Landowners who want to ensure that their land will be farmed for generations to come can consider a conservation easement to limit its future development even if they later sell the land.
A conservation easement is a voluntary agreement between a landowner and a land trust—a private, nonprofit organization that works to conserve the land. The landowner "gifts" the easement to the land trust and then benefits from federal income tax deductions.
"Granting a conservation easement means the development rights for the land have been transferred, by a deed, to an organization qualified under Section 501(c)(3) of the Internal Revenue Code, such as a land trust," says Gerry Harrison, Purdue Extension ag economist. "The organization holding the easement has the responsibility to see that the land is not developed for anything other than the landowner’s retained purposes."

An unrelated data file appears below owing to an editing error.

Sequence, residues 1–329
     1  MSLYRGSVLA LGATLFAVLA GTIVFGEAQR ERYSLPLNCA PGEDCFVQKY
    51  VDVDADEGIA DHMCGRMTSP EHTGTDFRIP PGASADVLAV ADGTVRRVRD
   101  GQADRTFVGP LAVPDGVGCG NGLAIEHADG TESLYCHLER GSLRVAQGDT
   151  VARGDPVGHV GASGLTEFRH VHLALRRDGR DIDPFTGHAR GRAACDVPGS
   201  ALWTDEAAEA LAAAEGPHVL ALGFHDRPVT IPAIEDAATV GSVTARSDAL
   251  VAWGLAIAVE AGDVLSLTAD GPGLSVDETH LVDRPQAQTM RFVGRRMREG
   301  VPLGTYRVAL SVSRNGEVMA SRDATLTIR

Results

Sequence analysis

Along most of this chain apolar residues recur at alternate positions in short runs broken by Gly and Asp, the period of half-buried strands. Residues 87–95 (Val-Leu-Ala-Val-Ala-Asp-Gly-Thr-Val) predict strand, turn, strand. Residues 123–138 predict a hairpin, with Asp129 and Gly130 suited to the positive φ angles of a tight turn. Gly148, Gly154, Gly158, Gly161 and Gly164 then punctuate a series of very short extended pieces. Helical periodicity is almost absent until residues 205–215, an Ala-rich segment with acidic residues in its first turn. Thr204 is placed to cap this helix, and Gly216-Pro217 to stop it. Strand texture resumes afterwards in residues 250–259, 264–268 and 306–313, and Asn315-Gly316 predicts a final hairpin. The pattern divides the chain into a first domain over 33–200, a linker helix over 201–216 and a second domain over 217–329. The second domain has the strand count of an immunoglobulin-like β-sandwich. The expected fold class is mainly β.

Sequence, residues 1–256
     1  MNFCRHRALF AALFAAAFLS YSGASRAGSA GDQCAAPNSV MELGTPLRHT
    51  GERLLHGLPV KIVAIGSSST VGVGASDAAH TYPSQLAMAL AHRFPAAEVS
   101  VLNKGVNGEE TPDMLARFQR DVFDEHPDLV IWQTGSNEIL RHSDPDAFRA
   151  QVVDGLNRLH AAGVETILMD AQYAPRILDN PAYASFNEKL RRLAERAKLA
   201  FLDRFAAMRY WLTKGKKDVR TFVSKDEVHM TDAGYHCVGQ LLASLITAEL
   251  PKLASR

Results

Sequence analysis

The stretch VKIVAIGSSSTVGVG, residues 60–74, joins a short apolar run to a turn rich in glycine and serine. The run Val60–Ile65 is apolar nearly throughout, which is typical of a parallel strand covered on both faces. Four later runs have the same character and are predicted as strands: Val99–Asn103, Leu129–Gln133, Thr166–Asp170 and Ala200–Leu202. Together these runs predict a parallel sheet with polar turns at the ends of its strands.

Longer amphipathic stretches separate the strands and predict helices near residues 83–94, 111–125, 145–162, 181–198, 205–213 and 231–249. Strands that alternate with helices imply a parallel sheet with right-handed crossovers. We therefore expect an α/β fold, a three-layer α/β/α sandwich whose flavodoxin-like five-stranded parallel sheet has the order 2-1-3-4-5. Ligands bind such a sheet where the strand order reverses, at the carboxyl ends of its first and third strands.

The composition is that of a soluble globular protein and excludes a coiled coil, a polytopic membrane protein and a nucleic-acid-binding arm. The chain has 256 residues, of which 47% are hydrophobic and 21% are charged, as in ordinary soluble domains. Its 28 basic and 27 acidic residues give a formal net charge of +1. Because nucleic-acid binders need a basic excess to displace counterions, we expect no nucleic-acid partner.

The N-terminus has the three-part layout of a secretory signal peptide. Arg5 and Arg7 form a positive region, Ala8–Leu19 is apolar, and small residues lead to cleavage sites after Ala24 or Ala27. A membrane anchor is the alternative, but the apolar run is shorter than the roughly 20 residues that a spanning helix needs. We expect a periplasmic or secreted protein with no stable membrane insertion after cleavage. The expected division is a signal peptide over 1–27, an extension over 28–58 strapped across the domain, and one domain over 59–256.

The landowners can reserve the right to build a house or farm facilities, and, Harrison says, they should be careful and consider those options before entering the legally binding contract.
The conservation easement remains in effect even if the land is later sold, giving assurance that the land will be used as the owner had intended.
Check with your local tax specialist to see if changes in laws in 2012 affect conservation easements.